Many great authors, poets and authors were institutionalized in the 19th and early 20th century as discussed in Kay Redfield Jamison’s book Touched with Fire: Manic-Depressive Illness and The Artistic Temperament. Jamison, herself bipolar and co-chairman of the Division of Psychiatry at Johns Hopkins University sites the following personages: T.S. Eliot, Robert Lowell, Edna St. Vincent Millay, Boris Pasternak, Ezra Pound, Anne Sexton, William Faulkner, F. Scott Fitzgerald, Ernest Hemingway, Eugene O’Neill, Tennessee Williams, Vincent Van Gogh, Edvard Munch, Georgia O’Keeffe and Jackson Pollack. One can only wonder what these psychiatric institutions were like although I suspect that some were private sanitariums whose definition is any facility to preserve health or a health resort.
I discussed in detail the particular Insane Asylum of 1855-1935 and when it was moved to what is now the site of the University of Mississippi Medical Center. Seven thousand bodies were found buried under the original site when upgrading the medial center.
What I now want to discuss is State Psychiatric Hospitals still in existence today. I already mentioned the Napa State Hospital in California best described in Stephen Seager, MD in his book A Year with the Criminally Insane: Behind the Gates of Gomorrah, 2014. He describes it as similar to the POW camps of WWII and now more a place to park forensic people adjudged “criminally insane”.
Over the last fifty years the focus has been on closing of U.S. public mental systems such that 95% of State Hospitals have closed. About 200 remain. California for example has one-tenth of the population of the United States but has only five. In an article in the Atlantic in January of 2015 the question is raised “Should the U.S. Bring Back Psychiatric Asylums?” Shutter Island Asylum in Ken Kesey’s book One Flew Over the Cuckoo’s Nest embodies the asylums of the 1950s with lobotomies, drugged and restrained patients, and as a dodge to avoid prison Jack Nicholson plays crazy and does it so well that he ends up catatonic. All those State Hospital’s nurses are Ratchets which probably was not far off the mark.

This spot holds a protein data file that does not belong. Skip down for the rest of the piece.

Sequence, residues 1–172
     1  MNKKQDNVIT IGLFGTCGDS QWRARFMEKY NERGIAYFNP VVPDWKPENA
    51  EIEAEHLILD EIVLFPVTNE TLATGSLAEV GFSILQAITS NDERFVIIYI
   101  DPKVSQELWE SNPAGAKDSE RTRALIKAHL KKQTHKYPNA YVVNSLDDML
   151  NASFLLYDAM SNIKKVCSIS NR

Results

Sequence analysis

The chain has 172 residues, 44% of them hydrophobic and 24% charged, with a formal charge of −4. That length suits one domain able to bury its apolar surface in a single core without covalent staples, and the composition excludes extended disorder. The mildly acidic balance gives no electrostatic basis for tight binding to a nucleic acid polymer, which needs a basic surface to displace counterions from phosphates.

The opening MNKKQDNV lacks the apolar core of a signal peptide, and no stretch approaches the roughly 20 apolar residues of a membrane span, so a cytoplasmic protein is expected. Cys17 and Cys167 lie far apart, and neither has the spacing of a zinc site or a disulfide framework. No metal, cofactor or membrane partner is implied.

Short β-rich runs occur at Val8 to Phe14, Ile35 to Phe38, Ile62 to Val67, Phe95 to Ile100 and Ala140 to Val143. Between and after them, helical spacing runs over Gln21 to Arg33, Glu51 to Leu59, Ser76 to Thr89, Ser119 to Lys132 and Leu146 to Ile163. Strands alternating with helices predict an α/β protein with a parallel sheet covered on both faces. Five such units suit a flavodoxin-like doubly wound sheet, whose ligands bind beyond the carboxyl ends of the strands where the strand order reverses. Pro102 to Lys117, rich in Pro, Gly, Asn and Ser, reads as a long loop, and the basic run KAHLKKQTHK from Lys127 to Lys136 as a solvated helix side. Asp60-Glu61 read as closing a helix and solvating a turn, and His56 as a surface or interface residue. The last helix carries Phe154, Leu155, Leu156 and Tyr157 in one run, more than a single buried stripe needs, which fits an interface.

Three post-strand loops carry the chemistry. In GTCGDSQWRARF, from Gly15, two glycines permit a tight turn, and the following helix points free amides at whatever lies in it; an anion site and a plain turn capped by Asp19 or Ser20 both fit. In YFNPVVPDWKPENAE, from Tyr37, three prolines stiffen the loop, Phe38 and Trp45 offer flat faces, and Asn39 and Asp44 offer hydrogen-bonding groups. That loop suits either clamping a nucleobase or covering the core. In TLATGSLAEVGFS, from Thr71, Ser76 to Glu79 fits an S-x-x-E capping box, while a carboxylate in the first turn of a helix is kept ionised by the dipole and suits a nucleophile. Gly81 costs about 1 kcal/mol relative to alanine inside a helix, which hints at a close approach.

And yet, bioethicists at the University of Pennsylvania propose rehabilitating such stigmatized asylums. Dr. Sisti speaks of the need for facilities for long term care. He equates asylum and sanitarium as places for “safe sanctuary for the mentally ill”. There are now 45,000 people in State institutions compared to ten times that in 1950 and yet the population of the U.S. has doubled. Many have been successfully treated with newer anti-psychotic medications and are in community based outpatient treatment programs. However an overwhelming number are on the streets or in jails and prisons, called “the new asylums”.
But they state that some of the most seriously and chronic mentally ill have no place to go. “For them the optimal option is long-term care in a psychiatric hospital. …a return of psychiatric asylums that are SAFE, MODERN AND HUMANE”. They admit that implementing such a system now in which there is collaboration with the patient, i.e., voluntary, and resources, money, makes this likely a pipe-dream. The Federal, State, and County funds now are spent largely on the not seriously mentally ill. Also, how do you make asylums humane and safe? The State Hospitals that now remain certainly are not.